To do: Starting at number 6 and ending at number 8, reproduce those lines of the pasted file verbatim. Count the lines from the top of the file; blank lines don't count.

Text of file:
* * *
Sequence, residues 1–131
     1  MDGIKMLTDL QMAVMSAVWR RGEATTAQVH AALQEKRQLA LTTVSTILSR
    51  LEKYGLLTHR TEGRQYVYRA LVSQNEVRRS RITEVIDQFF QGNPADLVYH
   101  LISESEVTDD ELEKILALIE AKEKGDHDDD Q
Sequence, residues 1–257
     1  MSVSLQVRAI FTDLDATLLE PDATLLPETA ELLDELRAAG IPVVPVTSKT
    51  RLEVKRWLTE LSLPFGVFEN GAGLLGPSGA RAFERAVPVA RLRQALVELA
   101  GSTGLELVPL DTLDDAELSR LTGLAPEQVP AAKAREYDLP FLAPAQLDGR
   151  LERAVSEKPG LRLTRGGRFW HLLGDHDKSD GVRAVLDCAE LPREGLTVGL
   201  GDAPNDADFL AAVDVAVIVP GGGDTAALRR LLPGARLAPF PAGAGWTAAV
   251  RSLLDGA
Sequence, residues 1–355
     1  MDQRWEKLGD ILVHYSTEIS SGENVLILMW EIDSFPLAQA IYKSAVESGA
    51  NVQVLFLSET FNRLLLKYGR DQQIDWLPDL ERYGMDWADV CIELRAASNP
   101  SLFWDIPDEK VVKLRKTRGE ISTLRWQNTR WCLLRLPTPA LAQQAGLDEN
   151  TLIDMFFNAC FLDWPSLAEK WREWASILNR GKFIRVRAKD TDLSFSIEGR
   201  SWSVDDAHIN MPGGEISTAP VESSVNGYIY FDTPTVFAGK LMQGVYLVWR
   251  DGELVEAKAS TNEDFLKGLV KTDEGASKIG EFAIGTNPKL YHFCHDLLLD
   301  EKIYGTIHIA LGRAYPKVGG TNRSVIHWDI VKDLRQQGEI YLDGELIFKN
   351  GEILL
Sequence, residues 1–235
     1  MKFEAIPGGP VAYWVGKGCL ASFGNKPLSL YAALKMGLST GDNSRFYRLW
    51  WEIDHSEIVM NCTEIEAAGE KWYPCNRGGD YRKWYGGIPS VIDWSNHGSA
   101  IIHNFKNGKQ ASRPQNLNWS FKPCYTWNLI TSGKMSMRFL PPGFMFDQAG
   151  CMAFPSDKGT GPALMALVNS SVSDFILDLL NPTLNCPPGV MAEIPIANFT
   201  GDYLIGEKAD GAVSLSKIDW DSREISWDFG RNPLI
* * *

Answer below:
     1  MSVSLQVRAI FTDLDATLLE PDATLLPETA ELLDELRAAG IPVVPVTSKT
    51  RLEVKRWLTE LSLPFGVFEN GAGLLGPSGA RAFERAVPVA RLRQALVELA
   101  GSTGLELVPL DTLDDAELSR LTGLAPEQVP AAKAREYDLP FLAPAQLDGR